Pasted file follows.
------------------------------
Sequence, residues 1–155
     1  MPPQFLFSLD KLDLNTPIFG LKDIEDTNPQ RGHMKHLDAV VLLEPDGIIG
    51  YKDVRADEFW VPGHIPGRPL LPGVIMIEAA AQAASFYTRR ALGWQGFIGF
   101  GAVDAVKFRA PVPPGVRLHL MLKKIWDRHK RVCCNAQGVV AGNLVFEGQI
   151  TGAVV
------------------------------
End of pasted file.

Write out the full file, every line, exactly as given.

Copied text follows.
Sequence, residues 1–155
     1  MPPQFLFSLD KLDLNTPIFG LKDIEDTNPQ RGHMKHLDAV VLLEPDGIIG
    51  YKDVRADEFW VPGHIPGRPL LPGVIMIEAA AQAASFYTRR ALGWQGFIGF
   101  GAVDAVKFRA PVPPGVRLHL MLKKIWDRHK RVCCNAQGVV AGNLVFEGQI
   151  TGAVV